The e-mail deliverability blame game: Marketers need to look in the mirror
The industry research, surveys and data all point to e-mail deliverability as one of the top concerns for marketers. According to JupiterResearch's recently published E-mail Marketing Buyer's Guide, 2008, 70% of respondents cited e-mail deliverability services as their top consideration when selecting an e-mail services provider, beating out cost (69%).
Marketers have reason for concern, but it's important to remember that marketers themselves — not just ESPs and ISPs — also play an important role in ensuring their e-mail messages get delivered. Google “e-mail deliverability” and you'll find a ton of articles with back to basics tips to help marketers improve deliverability rates and e-mail reputation. My firm, Campaigner, like many other e-mail service providers, has an entire section of our Web site focused on educating marketers on deliverability tactics, including best practices for building opt-in e-mail lists, maintaining list hygiene and e-mail relevance.
These educational resources can help, but there's another approach marketers could take that would really help them see what's working and what they need to change to deliver the value their subscribers want and deserve.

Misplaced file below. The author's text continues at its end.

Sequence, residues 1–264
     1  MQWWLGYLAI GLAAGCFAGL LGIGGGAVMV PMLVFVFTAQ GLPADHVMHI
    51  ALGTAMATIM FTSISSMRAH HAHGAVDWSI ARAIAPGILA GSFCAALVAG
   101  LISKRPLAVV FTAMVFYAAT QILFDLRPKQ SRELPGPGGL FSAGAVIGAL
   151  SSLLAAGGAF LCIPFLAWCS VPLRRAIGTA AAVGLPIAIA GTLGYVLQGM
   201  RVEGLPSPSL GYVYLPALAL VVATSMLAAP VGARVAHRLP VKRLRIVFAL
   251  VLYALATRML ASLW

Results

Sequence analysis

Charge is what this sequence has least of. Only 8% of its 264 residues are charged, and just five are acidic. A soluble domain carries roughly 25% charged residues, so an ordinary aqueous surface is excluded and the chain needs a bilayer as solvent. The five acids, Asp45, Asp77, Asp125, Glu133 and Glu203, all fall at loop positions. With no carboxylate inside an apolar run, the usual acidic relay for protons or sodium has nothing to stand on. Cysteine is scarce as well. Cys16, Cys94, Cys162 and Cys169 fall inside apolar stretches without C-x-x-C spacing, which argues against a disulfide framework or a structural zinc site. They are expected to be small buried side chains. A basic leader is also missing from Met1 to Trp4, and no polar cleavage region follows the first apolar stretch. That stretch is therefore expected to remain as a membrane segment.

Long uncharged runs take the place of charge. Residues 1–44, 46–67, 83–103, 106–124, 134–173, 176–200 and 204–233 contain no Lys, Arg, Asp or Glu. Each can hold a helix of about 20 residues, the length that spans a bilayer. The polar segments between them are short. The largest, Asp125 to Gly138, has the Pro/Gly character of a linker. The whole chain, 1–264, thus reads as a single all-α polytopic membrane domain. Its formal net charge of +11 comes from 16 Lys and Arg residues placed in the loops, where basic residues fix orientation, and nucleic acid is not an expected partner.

The first step for marketers who are serious about improving e-mail deliverability is to take a look in the mirror. What I mean by this is to take the time to become the recipient of your own e-mail campaigns. Only in this way will you get a true sense of how your recipients see you and your brand.
Here's how to see how you really look in the eyes of your subscribers.
Have your IT folks set up a pristine, never-before-used e-mail box. Take this new address and subscribe to all of your own marketing programs. Now take a step back and put yourself in the shoes of your users and ask yourself how many e-mails you send a week as a company.
If you are involved in co-branding, co-marketing, affiliate or similar programs, see how many other e-mails you receive. Did you know about all of the campaigns your partners, affiliates or even other departments in your company are running? How do your campaigns look and feel to the recipient? Are they confusing or misleading? Do they appeal to your unique interests or preferences? And if not, are you ever asked to share what you'd like less or more of, or to confirm that you'd like to continue receiving this information?
Also try to evaluate the content with the images blocked and see if the campaign still makes sense. And finally try replying, clicking and ultimately unsubscribing to see how user-friendly your campaigns are.
By doing this simple exercise of looking in the mirror you will have empathy with your subscribers. Ask yourself, “Is this something that you as an e-mail user want to get?” Then you can start getting back to the basics to improve your e-mail marketing best practices.
The litmus test that you're on the right track is when you're brave enough to add your mother to your e-mail list and you're confident that she won't hit the “Report as spam” button.